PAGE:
Apple and the Enterprise

So I’ve had this thought for some time now, and have shared it with a few people here and there. Before I start getting deep into speculation, I want to lay down some facts:

  • Oct 2010 – Apple outsources Enterprise sales and support to Unisys.
  • Nov 2010 – Apple announces the discontinuation of the XServe. At the same time, they release a laughable white paper, referring to the Mac Pro and Mac Mini Server as reasonable replacements. The Mac enterprise community is shocked, not so much at the discontinuation of the XServe, but at the options left behind.
  • February 2011 – Apple releases Light Peak (rebranded as ThunderBolt) enabled Macbook Pros. ThunderBolt represents a huge increase in external interface bandwidth for consumer-level equipment, allowing them over three times the bandwidth of the fastest interface- eSATA.
  • April 2011 – Promise announces SANLink ThunderBolt to Fiber Channel interface, with assistance from Apple in the design.

Macs in the data center.

Many Mac Administrators have begun to believe that Apple is just giving up in the enterprise market, relegating the server space to Windows and Linux machines running on VMWare virtualization clusters of IBM/Dell/HP blade servers.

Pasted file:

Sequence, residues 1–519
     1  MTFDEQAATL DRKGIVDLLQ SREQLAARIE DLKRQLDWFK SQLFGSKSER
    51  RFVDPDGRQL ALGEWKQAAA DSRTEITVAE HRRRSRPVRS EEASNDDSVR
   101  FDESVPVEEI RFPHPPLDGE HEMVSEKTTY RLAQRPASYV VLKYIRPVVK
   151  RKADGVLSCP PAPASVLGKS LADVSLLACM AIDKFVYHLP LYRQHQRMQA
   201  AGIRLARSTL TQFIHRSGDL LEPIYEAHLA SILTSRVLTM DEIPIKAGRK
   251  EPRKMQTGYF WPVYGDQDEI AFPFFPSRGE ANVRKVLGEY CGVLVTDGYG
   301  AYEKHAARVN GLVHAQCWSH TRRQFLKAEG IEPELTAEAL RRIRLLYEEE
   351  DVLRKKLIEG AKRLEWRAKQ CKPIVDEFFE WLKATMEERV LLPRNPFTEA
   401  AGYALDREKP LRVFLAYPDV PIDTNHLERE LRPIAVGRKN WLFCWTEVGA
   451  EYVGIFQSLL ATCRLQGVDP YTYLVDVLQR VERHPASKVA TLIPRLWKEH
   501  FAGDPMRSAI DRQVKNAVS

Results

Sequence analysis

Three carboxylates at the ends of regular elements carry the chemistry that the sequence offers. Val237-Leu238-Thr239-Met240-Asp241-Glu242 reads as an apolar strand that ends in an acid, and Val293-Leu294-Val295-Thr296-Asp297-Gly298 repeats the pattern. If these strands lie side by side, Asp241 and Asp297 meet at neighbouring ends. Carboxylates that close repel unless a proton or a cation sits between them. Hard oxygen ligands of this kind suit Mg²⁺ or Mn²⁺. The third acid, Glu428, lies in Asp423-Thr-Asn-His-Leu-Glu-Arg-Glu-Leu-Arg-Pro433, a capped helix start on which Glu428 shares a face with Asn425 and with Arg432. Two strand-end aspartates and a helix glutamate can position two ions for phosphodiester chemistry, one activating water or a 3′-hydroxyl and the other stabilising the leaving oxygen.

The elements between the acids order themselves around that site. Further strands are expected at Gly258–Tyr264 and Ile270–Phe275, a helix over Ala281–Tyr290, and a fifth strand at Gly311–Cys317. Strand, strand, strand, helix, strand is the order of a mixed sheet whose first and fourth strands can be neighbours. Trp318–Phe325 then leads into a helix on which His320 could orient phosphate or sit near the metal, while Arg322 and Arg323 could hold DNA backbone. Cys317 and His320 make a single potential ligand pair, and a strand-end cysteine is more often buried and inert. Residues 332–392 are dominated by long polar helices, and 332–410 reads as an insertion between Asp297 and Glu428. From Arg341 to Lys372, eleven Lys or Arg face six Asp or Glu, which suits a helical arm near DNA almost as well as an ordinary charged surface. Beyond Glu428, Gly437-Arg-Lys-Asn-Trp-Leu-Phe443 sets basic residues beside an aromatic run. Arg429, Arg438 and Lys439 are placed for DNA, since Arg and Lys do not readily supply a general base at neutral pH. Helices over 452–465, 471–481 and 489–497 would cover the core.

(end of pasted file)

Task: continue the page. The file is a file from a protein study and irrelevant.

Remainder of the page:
My thought is the opposite. Apple can make a compelling case to replace the blade servers from other manufacturers with Apple kit.

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Upcoming Case Study: Backups

I’m working with a new client right now that has had hard drive failure. This is never a good thing, but this particular client was silent when I asked where their backups were. My only thought:

“Uh Oh”

Silence is never a good thing when asked about backups. An immediate “here are our backups” is better. The best answer is “here are our backups, and they were spot checked last Friday.”

The cost of not having this third statement is expensive. My time and the cost of a hard drive recovery service such as DriveSavers can end up costing thousands of dollars, and there isn’t any guarantee that you’ll recover your data at all (although DriveSavers does not charge for failed attempts.)

You could be spending time and money with the only thing to look forward to is spending more time and money manually rebuilding the lost data.

Mac OS X 10.6’s Time Machine is a great start for backups. Plug in an external hard drive, click one button, and it does it for you.

Can you afford not to?

Update:

The hard drives are off to DriveSavers, which means that the price tag for recovery just got quite a bit higher. Assuming that the data is recoverable.

Photo courtesy of kelsey_lovefusionphoto